It’s a serious problem: The Military Religious Freedom Foundation (MRFF) on August 11, 2010 called on Defense Secretary Gates to end “unconstitutional proselytizing” in the US Military.  Bruce Wilson of Alternet reported on August 10 that “the Jihadists are observing unrestricted, unlawful Christian activity within the military and interpreting it as irrefutable proof of a Christian Crusade that justifies jihad.” And it does. One can’t wage a crusade, after all, and expect the other side not to crusade right back. The Jihadists are dancing to a tune we called.

Are we our own worst enemy in the war on terror?

The L.A. Times Blog reported a few days before Wilson wrote for Alternet of “a mass baptism of marines from Lt. Col. Lawrence Kaifesh’s 3rd Battalion unit as “part of Operation Sword of the Spirit, a program meant to prepare the battalion for duty in the Taliban stronghold of Helmand province.””

Operation Sword of the Spirit.

Does an operational plan with a title like that belong in the US Military? Sword of the Spirit? How is this different from, say, the “Sword of Allah”?

This is not a war between Christianity and Islam. We cannot allow it to be packaged as such, and we cannot allow such a lie to be perpetrated and sustained.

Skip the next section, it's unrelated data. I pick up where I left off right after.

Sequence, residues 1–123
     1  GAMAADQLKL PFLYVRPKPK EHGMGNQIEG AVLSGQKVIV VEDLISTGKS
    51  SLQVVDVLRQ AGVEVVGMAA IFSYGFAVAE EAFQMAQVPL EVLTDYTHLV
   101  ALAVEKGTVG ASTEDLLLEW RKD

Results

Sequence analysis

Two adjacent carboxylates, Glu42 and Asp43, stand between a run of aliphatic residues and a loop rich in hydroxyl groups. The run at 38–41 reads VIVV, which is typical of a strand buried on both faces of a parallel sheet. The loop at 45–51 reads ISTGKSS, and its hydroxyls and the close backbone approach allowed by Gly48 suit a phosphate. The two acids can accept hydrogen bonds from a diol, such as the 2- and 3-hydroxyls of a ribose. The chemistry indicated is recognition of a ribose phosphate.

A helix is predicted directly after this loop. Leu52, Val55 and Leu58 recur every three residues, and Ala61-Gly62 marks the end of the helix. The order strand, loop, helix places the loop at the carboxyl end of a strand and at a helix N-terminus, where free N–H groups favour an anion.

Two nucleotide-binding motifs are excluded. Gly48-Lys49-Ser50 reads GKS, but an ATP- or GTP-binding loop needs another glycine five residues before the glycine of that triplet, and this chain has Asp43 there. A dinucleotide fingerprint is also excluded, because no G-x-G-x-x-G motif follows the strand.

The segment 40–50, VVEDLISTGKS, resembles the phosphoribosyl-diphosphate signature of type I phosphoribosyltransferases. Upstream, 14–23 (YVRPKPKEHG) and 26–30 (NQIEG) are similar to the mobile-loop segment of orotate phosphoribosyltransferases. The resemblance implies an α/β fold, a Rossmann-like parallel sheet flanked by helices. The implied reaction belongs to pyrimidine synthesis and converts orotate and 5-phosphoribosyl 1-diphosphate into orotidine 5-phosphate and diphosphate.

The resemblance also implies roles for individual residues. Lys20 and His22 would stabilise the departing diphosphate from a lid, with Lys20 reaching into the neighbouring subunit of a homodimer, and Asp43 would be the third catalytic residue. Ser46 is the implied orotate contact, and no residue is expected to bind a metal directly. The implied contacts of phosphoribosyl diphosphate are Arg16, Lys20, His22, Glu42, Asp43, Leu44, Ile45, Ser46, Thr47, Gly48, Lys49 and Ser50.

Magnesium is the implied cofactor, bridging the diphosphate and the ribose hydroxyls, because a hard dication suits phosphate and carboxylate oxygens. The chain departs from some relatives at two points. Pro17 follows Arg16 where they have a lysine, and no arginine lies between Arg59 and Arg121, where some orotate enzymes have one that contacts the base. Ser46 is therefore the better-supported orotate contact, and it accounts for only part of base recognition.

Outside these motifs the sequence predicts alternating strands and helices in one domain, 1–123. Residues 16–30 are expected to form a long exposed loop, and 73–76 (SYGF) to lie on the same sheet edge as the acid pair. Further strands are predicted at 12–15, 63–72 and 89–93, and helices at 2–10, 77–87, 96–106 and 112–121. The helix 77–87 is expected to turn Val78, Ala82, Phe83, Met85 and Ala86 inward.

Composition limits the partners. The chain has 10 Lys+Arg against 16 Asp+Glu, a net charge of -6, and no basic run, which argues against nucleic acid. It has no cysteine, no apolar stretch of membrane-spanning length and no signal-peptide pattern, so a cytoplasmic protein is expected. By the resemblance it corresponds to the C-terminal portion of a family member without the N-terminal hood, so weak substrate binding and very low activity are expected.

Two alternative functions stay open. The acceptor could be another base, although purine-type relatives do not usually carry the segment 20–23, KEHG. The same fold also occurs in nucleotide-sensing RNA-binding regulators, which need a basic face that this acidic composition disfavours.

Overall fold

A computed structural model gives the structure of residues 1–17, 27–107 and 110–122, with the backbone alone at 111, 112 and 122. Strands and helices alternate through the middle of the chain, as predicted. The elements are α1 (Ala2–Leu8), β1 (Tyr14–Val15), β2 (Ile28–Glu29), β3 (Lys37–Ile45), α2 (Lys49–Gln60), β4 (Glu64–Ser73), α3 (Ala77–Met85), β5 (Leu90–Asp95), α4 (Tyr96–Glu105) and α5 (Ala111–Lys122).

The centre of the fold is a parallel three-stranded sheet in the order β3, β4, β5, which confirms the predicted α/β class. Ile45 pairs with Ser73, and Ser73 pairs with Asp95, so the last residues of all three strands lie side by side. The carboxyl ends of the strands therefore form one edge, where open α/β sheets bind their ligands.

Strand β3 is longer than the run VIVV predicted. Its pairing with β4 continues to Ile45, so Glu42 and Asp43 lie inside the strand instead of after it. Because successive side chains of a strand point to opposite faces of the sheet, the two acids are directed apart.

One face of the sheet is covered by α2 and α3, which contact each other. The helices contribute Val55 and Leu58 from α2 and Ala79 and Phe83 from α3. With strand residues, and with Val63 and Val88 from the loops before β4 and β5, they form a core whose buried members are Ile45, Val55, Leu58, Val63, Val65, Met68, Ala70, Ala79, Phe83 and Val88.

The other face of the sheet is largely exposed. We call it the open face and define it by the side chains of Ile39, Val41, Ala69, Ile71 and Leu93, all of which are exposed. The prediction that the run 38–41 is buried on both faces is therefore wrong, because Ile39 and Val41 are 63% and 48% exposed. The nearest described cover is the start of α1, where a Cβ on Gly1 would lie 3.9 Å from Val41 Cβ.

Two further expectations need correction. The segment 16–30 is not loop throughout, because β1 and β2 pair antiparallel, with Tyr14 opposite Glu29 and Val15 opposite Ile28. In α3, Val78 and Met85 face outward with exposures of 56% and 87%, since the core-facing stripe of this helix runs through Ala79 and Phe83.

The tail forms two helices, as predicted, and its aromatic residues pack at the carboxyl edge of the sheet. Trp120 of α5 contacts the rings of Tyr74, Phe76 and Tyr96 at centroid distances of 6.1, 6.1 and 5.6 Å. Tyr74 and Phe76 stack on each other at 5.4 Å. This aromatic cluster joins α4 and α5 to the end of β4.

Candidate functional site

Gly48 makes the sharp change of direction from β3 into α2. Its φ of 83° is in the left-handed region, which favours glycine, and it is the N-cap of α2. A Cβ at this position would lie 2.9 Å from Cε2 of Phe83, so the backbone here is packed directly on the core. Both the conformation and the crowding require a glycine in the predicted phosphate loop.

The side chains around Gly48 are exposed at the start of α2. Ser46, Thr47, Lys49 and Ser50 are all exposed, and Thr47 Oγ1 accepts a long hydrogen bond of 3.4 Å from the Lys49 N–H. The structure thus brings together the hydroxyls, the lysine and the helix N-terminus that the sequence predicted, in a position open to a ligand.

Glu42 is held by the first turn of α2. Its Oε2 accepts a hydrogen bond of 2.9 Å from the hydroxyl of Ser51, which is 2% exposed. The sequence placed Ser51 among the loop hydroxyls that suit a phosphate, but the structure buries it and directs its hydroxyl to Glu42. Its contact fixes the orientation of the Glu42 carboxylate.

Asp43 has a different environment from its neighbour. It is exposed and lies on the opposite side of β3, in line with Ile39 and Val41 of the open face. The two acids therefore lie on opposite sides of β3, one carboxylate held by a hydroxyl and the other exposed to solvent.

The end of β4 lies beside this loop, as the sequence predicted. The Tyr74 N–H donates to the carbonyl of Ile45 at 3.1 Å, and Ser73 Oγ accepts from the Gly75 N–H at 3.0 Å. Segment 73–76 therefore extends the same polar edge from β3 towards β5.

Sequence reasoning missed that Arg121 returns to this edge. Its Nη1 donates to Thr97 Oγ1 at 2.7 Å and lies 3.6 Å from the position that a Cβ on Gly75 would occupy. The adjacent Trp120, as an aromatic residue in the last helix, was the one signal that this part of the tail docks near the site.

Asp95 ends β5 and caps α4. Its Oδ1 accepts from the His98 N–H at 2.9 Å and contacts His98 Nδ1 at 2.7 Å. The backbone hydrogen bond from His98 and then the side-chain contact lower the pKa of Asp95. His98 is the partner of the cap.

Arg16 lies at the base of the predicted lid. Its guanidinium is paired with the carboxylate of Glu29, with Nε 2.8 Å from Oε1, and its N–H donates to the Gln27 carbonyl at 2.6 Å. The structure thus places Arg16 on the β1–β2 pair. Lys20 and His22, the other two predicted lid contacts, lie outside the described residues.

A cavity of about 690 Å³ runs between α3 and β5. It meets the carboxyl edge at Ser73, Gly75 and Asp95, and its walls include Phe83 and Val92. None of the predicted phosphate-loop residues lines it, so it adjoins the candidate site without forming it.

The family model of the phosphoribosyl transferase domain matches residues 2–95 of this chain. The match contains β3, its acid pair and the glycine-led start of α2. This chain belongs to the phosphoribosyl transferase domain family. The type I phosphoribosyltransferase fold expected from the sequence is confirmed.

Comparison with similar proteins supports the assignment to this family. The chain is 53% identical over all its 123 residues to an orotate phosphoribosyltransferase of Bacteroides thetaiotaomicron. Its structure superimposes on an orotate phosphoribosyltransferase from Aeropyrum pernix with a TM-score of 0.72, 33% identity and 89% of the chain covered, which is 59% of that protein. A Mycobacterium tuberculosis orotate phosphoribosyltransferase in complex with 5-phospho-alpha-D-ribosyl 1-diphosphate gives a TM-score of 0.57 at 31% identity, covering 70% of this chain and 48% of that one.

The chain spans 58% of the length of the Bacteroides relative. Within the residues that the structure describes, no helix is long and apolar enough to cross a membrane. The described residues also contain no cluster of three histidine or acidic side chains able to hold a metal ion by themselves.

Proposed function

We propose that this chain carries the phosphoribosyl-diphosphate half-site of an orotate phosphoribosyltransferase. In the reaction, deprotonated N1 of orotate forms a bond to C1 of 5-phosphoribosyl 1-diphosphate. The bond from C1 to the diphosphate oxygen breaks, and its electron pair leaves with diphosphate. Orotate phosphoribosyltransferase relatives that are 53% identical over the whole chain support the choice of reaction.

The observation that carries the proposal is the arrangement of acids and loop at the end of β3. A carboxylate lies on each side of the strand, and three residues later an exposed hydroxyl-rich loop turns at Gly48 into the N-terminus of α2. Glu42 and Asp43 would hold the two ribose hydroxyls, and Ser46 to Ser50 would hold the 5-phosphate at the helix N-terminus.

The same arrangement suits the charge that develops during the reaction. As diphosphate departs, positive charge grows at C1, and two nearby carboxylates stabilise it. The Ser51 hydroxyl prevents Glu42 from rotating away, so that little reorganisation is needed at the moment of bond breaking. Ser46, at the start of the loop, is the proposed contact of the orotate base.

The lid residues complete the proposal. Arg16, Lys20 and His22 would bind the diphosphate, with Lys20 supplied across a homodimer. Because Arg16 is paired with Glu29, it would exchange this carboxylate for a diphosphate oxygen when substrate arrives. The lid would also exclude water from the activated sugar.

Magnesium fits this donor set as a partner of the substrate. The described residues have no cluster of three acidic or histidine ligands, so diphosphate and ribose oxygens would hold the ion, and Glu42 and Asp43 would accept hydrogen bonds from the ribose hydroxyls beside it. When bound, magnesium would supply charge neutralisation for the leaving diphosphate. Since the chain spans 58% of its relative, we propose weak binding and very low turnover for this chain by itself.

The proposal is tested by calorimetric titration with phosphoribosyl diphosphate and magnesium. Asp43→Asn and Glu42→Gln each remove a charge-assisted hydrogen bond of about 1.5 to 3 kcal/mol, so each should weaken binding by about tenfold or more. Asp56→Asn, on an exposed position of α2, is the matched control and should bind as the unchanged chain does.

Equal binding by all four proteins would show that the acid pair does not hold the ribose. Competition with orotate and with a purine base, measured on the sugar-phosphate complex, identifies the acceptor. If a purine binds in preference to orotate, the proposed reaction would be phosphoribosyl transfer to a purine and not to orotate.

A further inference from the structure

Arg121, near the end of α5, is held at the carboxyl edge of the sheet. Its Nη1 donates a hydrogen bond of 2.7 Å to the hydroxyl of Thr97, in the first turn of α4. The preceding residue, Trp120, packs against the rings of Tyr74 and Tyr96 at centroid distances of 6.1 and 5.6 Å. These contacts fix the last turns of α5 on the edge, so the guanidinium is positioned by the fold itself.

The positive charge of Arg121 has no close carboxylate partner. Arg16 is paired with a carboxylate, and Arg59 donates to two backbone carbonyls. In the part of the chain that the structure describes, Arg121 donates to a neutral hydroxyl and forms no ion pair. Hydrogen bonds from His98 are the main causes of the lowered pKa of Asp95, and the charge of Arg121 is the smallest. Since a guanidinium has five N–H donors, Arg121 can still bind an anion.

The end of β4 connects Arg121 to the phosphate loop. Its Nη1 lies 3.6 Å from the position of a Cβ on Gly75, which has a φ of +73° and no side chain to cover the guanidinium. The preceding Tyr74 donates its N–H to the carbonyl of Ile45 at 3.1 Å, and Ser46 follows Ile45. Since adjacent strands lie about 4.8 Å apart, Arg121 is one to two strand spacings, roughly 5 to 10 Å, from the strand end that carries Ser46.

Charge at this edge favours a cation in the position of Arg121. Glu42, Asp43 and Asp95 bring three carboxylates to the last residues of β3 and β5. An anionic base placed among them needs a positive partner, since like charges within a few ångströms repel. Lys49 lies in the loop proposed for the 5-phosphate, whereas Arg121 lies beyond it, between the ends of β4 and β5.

As Bruce Wilson reports, “The piece was republished by the leading Jihadist Web site Ansar Al-Mujahideen, under the heading “Crusaders Baptized Before Leaving For Afghanistan.”

It is difficult to see this as helpful to the American cause overseas.

We’re even being told that “the application of the principles of [Christian] Scripture” can help returning vets to overcome post-traumatic stress disorder.” This is a story that received in depth coverage at Truthout.org on August 3.

One can understand how it would be difficult for Muslims to understand the US commitment in Iraq and Afghanistan as anything other than a religious crusade.  An American can be excused for wondering the same thing.

Just what is the US military trying to do?